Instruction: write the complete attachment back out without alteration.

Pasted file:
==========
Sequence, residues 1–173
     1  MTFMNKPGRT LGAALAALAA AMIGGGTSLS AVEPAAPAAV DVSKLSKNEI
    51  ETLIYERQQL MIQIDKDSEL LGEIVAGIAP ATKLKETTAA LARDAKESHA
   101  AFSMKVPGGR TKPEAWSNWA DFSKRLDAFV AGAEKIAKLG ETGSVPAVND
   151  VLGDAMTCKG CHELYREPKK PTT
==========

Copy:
Sequence, residues 1–173
     1  MTFMNKPGRT LGAALAALAA AMIGGGTSLS AVEPAAPAAV DVSKLSKNEI
    51  ETLIYERQQL MIQIDKDSEL LGEIVAGIAP ATKLKETTAA LARDAKESHA
   101  AFSMKVPGGR TKPEAWSNWA DFSKRLDAFV AGAEKIAKLG ETGSVPAVND
   151  VLGDAMTCKG CHELYREPKK PTT